VI. HEAVY FERMI LIQUID PHENOMENOLOGY

A. Quasi-particle residue and “Bad” Fermi liquid

The saddle point condition for imaginary-time Green’s function is (assuming zero chemical potential,t0 ⌘p

zp2t0, Ec ⌘ t

20

U0)

G(i!)�1 = i! � ⌃(i!), ⌃(⌧) = �U20G(⌧)2

G(�⌧) + 2t20G(⌧). (6.1)

Rescaling functions as

! =!

Ec

, ⌧ = ⌧Ec, G(i!) = t0G(i!), ⌃(i!) =⌃(i!)

t0. (6.2)

The saddle point equation is formatted as

G(i!)�1 =Ec

t0(i! � t0

Ec

⌃(i!)) ⇡ ⌃(i!),

⌃(⌧) = �G(⌧)2G(�⌧) + 2G(⌧), (6.3)

that, given Ec

t0⌧ 1, is an equation set with only dimensionless parameters. As we argued in the text, the low energy behavior is

in the realm of Fermi liquid theory. Then the spectral weight A(!) should contain a quasiparticle contribution, which becauseit contains no parameters, must have a residue of O(1). From the scaling in (6.2), it follows that the width of the “coherenceregion” attributed to quasiparticle formation in A(!) is multiplied by Ec in A(!) (i.e. in physical units) and the quasiparticleresidue of our model (i.e., the integral of A(!) within the “coherence region”) is Z ⇠ Ec

t0= t0

U0⌧ 1 which is characteristic of a

“bad” Fermi liquid.

B. Grand canonical potential in Fermi liquid theory, compressibility and Sommerfeld coe�cient

In Landau’s Fermi liquid theory, the energy is a functional of a series of “quasi-particle” states labeled by a, b, we have

E � µN =X

a

"ana +12

X

a,b

fab(na � n0a)(nb � n

0b) � µ

X

a

na = const +X

a

("a � f

X

b

n0b� µ)na +

12

f (X

a

na)2 (6.4)

where na, n0a

denotes the occupation number of the quasiparticle state and superscript 0 denotes the occupation number of the“reference” state one starts with to define "a, fab, and we take it here to be the state with µ = 0,i.e., hnaiµ=0 = n

0a. In the second

identity we use f to replace fab for simplicity.Define Ea = "a� f

Pb n

0b, we have for the partition function in grand canonical ensemble as (introduce a hubbard-stratonovich

variable �)

Z =X

e��(E�µN) =

X

na=0,1

Y

a

e��(Ea�µ)na e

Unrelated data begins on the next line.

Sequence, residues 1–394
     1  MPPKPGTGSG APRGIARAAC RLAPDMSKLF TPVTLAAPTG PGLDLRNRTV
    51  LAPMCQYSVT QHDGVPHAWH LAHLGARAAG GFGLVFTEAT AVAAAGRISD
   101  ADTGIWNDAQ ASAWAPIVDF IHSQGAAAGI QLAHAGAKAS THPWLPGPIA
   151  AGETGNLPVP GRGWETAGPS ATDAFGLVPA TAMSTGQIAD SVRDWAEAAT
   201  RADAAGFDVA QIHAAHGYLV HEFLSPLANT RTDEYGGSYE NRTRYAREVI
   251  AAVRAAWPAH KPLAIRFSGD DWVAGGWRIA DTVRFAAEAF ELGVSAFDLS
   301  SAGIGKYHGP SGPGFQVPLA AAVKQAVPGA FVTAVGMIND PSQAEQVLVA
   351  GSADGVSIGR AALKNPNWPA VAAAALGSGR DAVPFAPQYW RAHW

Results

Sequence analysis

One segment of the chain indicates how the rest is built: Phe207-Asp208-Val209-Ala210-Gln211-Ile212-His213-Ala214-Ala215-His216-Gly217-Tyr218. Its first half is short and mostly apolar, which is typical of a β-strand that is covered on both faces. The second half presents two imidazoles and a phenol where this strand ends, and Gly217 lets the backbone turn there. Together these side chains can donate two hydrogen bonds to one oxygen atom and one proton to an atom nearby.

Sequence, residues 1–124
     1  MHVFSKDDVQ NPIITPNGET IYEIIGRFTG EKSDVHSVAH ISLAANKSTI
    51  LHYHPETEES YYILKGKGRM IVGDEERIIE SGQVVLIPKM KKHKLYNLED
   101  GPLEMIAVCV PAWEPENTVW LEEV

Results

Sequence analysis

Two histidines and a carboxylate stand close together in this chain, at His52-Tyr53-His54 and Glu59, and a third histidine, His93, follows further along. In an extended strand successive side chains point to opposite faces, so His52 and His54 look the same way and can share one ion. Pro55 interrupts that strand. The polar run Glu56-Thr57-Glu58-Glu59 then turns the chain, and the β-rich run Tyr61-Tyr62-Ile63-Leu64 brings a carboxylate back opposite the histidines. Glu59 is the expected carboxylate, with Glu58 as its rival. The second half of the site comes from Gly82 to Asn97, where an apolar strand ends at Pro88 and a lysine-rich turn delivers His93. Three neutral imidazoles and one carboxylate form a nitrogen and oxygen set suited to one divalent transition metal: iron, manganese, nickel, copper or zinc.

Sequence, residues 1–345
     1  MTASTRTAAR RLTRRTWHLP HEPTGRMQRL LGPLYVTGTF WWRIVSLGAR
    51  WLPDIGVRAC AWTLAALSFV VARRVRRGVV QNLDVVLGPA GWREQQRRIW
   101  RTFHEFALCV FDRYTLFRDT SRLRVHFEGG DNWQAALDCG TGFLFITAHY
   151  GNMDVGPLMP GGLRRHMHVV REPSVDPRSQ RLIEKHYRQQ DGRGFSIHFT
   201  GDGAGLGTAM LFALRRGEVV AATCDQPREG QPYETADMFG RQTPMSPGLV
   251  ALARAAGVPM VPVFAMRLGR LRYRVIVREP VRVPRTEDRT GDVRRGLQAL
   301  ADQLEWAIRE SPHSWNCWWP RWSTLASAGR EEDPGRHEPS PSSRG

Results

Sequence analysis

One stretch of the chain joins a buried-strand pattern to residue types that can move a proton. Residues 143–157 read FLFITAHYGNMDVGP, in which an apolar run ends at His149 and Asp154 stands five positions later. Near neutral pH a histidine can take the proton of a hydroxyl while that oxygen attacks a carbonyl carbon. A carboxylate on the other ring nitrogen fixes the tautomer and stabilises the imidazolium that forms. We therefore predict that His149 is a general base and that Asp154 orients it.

� � f

2 (P

a na)2

=X

na=0,1

Z s�

2 fd�e�i��

Pa na� �2 f

�2Y

a

e��(Ea�µ)na =

Z s�

2 fd�e�

�2 f�2Y

a

[1 + e��(Ea�µ+i�)]. (6.5)

The saddle point condition for � reads

i�s

f=X

a

11 + e�(Ea�µ+i�s)

(6.6)

11

where z is the coordination number of the lattice under consideration and we have regularized the free energy by subtracting thepart for free fermion, i.e.,G0(i!n) = 1

i!n

, and adding back �T ln(1+eµ/T ). One switches to Helmholtz free energy which depends

on “universal” particle number density N/N by a legendre transformation F = ⌦/N + µN/N, and obtain entropy density byS/N = �@F@T . The entropy for SYK4 (i.e. vanishing t0) agrees with the results in Ref 5 and entropy (Fig 1) approaches identicallyregardless of t0/U0 the universal ln 2 for high temperature (not shown in the figure). The entropy is significantly reduced forsmall temperature by the presence of two-fermion hopping.

The compressibility is obtained as K = 1N

@N@µ or K = �1/( @

2F@2 N

N

). The plot in Fig. 1 shows the results using the first derivativemethod (which agrees with that found in Ref 1 as well as a large-q calculation (unpublished)).

VI. HEAVY FERMI LIQUID PHENOMENOLOGY

A. Quasi-particle residue and “Bad” Fermi liquid

The saddle point condition for imaginary-time Green’s function is (assuming zero chemical potential,t0 ⌘p

zp2t0, Ec ⌘ t

20

U0)

G(i!)�1 = i! � ⌃(i!), ⌃(⌧) = �U20G(⌧)2

G(�⌧) + 2t20G(⌧). (6.1)